• Knowledge of various methodologies for forecasting price movements and executing trading strategies
  • Extensive knowledge of financial markets and asset management skills
  • Risk management and money management skills
  • Market-research oriented attitude which includes independent market research on a daily basis for planning trading strategies

A general hierarchy in a proprietary trading firm goes as follows:

  • Junior trader
  • Senior trader
  • Partner in the trading firm

Usually, you will start from the junior trader level in case you are an undergraduate. Apart from a trader, there are some other job opportunities one can seek at a proprietary trading firm such as:

  • Quant Researcher - Establishing mathematical models for trading algorithms and strategies.
  • Developer - Implementing the researchers’ models or strategies and creating algorithms for helping the traders trade algorithmically.
  • Data Scientist - Help to devise trading strategies for the firm.

Moving forward, let us take a look at the pros and cons of being a proprietary trading.

Pros and Cons of Proprietary Trading

For a trader, there are a number of benefits of working at a proprietary trading firm. But, it is not all beneficial and, hence, there are some downsides to the role. Let us find out both pros and cons for you further.

Pros

As a trader in a proprietary trading firm, you will find yourself working amidst the following advantages:

  • You have access to more trading capital while working in a proprietary trading firm as compared to working on your own
  • In case you are a beginner, you will find yourself receiving training from professional day traders and access to such training is quite beneficial for your future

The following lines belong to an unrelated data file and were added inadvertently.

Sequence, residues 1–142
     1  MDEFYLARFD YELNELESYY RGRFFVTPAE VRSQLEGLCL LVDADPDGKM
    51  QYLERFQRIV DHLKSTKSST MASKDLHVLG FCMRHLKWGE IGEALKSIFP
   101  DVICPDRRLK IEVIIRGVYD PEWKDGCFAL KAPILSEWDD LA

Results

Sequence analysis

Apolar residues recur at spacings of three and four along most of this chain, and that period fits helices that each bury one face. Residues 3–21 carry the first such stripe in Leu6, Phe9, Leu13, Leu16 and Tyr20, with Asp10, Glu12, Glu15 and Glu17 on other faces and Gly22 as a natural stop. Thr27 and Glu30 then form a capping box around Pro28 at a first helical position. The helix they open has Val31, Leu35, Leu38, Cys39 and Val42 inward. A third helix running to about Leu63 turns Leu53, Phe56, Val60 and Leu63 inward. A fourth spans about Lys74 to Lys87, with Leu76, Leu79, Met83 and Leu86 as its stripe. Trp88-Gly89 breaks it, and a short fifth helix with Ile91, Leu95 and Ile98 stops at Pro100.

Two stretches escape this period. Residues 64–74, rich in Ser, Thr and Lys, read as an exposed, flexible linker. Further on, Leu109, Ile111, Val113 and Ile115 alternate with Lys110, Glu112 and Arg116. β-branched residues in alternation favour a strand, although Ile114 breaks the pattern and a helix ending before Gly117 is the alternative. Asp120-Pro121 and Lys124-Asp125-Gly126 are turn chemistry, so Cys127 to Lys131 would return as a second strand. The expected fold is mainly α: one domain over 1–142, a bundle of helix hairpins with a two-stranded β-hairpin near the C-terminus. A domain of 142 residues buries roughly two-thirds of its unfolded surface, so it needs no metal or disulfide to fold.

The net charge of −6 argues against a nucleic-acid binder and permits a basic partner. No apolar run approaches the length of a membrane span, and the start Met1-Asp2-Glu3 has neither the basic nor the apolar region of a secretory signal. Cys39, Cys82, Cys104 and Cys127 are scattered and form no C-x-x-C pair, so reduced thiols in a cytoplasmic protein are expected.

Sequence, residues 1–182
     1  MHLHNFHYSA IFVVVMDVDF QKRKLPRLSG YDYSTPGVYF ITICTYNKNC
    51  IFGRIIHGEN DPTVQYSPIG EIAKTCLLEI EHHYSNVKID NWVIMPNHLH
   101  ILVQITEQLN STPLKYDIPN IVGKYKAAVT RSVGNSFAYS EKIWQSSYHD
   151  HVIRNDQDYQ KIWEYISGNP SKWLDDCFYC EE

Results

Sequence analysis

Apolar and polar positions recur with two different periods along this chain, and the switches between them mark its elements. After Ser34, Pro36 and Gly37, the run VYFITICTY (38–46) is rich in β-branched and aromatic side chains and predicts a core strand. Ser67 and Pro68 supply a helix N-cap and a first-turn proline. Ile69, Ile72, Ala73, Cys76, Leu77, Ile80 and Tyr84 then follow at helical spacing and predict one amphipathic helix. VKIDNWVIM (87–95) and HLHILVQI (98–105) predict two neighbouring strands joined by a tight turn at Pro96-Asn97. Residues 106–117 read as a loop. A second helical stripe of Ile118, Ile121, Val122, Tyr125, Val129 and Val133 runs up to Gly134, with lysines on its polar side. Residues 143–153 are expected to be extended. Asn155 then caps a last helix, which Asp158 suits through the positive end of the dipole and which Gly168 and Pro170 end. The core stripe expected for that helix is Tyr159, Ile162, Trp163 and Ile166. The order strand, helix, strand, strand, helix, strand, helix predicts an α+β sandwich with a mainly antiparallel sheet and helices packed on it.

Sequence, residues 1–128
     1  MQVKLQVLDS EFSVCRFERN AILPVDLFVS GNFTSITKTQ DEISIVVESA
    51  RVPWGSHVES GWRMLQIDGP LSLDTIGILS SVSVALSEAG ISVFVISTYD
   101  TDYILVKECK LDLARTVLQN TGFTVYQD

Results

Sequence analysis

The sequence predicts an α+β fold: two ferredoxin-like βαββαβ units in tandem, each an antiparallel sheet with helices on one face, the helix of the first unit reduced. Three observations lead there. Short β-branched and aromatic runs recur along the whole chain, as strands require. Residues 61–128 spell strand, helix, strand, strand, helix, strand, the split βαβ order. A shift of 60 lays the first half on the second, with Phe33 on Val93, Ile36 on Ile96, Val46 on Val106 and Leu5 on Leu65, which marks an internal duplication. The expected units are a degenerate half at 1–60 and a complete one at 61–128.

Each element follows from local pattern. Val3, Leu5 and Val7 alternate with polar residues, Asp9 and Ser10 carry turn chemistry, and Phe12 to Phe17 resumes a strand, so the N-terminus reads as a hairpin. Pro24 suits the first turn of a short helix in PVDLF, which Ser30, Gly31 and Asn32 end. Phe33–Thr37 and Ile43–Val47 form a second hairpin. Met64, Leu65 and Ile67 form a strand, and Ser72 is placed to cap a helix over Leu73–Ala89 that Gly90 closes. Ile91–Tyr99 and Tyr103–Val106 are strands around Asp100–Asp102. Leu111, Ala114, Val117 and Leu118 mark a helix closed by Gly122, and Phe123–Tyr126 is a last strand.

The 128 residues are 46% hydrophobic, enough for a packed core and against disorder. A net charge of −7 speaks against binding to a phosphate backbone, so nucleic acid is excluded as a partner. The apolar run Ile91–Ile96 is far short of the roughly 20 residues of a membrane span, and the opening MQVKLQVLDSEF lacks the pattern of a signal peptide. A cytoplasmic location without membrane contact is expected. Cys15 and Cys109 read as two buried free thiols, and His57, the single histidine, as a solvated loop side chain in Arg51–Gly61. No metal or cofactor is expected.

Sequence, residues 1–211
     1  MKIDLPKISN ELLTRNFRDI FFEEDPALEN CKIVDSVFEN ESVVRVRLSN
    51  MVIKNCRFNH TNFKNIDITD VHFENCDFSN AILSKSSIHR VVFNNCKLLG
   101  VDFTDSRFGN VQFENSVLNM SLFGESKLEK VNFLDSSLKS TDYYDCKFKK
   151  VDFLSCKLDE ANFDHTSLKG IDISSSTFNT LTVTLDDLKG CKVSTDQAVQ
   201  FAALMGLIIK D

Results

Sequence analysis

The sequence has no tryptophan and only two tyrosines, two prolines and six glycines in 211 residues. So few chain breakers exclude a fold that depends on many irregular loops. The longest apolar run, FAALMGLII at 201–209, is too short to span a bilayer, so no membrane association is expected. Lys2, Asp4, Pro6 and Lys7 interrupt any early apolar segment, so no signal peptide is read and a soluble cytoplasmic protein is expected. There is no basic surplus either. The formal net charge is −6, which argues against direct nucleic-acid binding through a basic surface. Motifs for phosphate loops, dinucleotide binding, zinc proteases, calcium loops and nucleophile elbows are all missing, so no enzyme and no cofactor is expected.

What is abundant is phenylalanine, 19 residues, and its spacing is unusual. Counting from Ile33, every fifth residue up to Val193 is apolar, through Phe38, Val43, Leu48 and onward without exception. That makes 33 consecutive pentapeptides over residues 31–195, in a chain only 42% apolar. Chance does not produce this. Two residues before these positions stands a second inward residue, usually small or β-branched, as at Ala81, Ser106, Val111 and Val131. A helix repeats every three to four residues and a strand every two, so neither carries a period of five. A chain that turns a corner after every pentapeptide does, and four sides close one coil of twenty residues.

• The firms are quite professional when it comes to making payment to you for your efforts.
  • The work of a trader at a proprietary trading firm may interest you a lot if you have quantitative skills since these firms require the same

Cons

Although not everything is rosy when you work at a proprietary trading firm. Hence, there are these cons you must be aware of:

  • Several firms have made their operations online since it is more beneficial monetarily as compared to having a brick-and-mortar business. So, if you need a physical space to share with other experienced traders, it may be a bit of a tricky situation for you
  • Some initial capital is required from the trader by some proprietary trading firms to act as a risk buffer and also for accessing their platform
  • One must be aware of the scams or the firms which promise you payments but end up not paying you anything

Conclusion

A proprietary trading firm is basically an entity which invests its own money in a particular financial instrument or combination of financial instruments. One can work in a proprietary trading firm with some knowledge about trading practice, a good educational background and some skills. Also, it is important to be aware of the cons along with the pros of proprietary trading.